Three-Dimensional Conductive Nanowire Networks for Maximizing Anode Performance in Microbial Fuel Cells

Three-Dimensional Conductive Nanowire Networks for Maximizing Anode Performance in Microbial Fuel Cells

Three-Dimensional Conductive Nanowire Networks for Maximizing Anode Performance in Microbial Fuel Cells

Microbial fuel cells (MFCs), which exploit microbial activities
to generate electricity from organic matters, have attracted
broad interest from fundamental research to industrial
applications, particularly with respect to wastewater
treatment, renewable energy recovery, electrical power
sources for space shuttles, and self-powered robots.[1] However,
due to relatively low power densities, practical application
of MFCs still faces a number of challenges and requires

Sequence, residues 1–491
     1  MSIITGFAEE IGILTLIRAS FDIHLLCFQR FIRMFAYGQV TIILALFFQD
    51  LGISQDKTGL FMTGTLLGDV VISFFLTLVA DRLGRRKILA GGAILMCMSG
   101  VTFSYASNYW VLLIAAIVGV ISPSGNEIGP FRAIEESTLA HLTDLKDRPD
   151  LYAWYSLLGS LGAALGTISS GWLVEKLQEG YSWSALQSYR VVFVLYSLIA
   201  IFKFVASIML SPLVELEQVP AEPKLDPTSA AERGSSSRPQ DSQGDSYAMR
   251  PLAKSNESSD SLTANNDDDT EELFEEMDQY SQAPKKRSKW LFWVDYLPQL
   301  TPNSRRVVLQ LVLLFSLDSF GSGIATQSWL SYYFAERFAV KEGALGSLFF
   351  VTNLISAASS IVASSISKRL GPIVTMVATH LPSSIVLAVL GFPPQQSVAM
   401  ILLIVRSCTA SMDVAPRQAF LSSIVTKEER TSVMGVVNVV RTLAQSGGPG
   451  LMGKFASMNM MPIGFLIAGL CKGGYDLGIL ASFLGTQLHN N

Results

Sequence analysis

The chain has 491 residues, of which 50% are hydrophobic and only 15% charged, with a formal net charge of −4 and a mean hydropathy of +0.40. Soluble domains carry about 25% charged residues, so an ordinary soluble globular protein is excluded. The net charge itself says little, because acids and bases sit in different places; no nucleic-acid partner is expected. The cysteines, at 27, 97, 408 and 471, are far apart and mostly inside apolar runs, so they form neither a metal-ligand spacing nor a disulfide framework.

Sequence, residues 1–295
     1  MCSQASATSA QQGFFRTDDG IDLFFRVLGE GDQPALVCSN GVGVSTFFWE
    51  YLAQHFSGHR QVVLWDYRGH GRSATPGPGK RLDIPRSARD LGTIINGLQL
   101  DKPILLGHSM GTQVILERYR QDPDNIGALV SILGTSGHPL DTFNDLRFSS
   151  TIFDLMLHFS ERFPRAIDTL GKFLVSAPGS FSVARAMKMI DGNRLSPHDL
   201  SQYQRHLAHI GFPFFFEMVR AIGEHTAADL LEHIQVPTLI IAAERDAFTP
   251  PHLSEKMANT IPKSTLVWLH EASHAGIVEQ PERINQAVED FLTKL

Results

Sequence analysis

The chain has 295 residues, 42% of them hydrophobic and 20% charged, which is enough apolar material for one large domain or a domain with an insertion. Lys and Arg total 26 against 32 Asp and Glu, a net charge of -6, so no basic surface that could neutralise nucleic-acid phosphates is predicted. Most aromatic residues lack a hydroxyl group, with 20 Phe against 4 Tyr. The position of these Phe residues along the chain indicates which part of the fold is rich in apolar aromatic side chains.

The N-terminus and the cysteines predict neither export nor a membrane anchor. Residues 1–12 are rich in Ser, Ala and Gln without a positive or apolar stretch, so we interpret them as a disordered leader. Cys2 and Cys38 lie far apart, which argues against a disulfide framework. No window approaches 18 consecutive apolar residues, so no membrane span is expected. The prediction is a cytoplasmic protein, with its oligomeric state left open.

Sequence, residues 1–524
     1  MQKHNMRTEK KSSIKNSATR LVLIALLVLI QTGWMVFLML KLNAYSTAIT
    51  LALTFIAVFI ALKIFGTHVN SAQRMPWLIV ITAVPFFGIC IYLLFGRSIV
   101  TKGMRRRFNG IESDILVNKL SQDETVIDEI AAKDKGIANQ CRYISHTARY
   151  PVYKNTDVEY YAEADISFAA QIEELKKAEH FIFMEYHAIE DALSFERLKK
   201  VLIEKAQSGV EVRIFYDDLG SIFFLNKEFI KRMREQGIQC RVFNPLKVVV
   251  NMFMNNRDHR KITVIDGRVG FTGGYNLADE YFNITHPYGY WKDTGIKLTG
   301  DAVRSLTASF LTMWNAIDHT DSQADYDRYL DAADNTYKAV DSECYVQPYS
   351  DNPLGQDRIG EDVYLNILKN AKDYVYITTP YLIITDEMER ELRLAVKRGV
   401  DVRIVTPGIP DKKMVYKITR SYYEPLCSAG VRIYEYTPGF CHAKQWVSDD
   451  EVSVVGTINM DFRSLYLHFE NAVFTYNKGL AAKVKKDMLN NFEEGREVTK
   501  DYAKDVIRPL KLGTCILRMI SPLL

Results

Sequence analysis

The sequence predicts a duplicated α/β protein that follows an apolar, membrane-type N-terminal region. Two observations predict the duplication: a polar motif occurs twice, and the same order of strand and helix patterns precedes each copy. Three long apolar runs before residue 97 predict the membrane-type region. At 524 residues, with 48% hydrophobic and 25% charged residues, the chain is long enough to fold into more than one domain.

extensive investigation.[2] Many factors influence the performance
of MFCs, including electrode materials/structures,
microbial source, electrolyte/substrate compositions, and reactor
configurations.[3] Among them, MFC anodes, which
serve to collect electrons released from electrochemically
active microbes by various electron-transfer mechanisms
(e.g., cell-surface proteins, excreted mediator compounds,
and extracellular nanowires), are of crucial importance.
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